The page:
Eminent Domain & the Threat to Private Property


Update: This bill was ratified and signed by the governor with the provision that eminent domain would not apply to private, for-profit pipeline companies. This provision will sunset in June of 2019.

On Tuesday, October 20, a Senate Judiciary subcommittee met to discuss and take testimony on S.868, a bill that would grant the power of eminent domain to a company constructing any kind of pipeline. Eminent domain, remember, is a power held by governments – not private companies – to expropriate private property for public use. The bill now in the General Assembly, however, would require private pipeline companies to go through a permitting process with both the Public Service Commission (PSC) and the Department of Health and Environmental Control (DHEC) before the power of eminent domain could be exercised.

It bears emphasizing that, with or without a permitting process, this is the first time state law would explicitly allow a non-utility private company to seize private property. 

In order to obtain the necessary permit from the PSC a pipeline company would have to demonstrate that its proposed project serves the “public convenience and necessity.” The state constitution allows the legislature to define what constitutes a public use, and S.868 defines it in the vaguest way possible: “a use that is vital to the welfare of the people of this State.” In S.868 legislators have chosen to devolve this power to state agencies, like the PSC, that are even less accountable then they are.

Throughout the subcommittee meeting the bill’s sponsors denied they were expanding the powers of eminent domain. This despite a recent opinion issued by the Attorney General explicitly casting doubt on the idea that oil pipeline companies can exercise eminent domain powers under current law.

In other words: Oil pipeline companies do not (at least according to the AG) have eminent domain power; S.868 would establish a permitting process whereby oil pipeline companies could attain eminent domain power; therefore S.868 would, in fact, expand eminent domain power.

Why doesn’t the state constitution protect private property?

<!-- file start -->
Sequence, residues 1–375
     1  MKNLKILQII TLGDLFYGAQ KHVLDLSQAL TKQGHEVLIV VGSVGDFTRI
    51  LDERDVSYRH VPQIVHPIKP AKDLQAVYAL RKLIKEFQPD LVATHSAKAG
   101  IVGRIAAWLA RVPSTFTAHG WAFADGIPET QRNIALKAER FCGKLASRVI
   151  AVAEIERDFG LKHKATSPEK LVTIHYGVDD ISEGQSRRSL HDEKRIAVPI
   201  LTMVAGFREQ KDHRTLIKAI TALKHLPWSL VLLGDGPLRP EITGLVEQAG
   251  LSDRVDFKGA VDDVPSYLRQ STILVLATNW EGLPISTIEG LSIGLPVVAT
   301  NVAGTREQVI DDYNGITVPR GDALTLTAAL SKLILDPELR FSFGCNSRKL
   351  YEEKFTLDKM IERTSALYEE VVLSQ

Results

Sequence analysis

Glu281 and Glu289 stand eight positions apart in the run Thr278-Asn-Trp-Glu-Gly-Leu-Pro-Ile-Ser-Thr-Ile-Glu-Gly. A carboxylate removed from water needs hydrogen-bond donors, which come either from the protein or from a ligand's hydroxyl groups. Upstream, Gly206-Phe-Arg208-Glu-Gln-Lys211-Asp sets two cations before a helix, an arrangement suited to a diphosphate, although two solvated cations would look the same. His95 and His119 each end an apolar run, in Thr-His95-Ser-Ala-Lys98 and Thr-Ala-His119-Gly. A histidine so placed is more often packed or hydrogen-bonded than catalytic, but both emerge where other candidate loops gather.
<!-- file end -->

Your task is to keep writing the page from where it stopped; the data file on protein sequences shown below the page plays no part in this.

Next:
The short answer to that question is: It’s vague.

  • The U.S. Supreme Court held in Kelo that eminent domain could be exercised on behalf of a private company so long as the taking served a “public purpose” (for example, to increase revenue).
  • The South Carolina constitution was amended after Kelo to say that private property shall not be taken for private use, and that eminent domain may not be used unless the condemnation is for public use.
  • Unfortunately, however, the constitution doesn’t define “public use.” Thus lawmakers can satisfy this clause with legislative language such as “vital to the welfare of the people of this State.”
  • The constitution also permits property condemned by the government for “blight” – vaguely defined to include lack of ventilation, light, and sanitary facilities, dilapidation, and deleterious land use – to be taken and transferred to a separate private interest.
  • Under our state’s weak constitutional protections, many private companies considered to be utilities (telephone companies, electric lighting and power companies, water supply companies, etc.) are currently permitted to exercise eminent domain.
What can be done?
  • The constitution needs a clear definition of public use. This definition should include only projects that are publicly owned and made open and available to all members of the public, such as roads and parks.
  • The constitution should further clarify that eminent domain can only be exercised by the state and never by a private entity.
  • Finally, the constitution should disallow the use of eminent domain to eliminate “blight.” Historically blight takings have often served as pretext for takings for economic development schemes. Florida has already disallowed blight takings, permitting local ordinances to deal with threats to public safety without using eminent domain powers.

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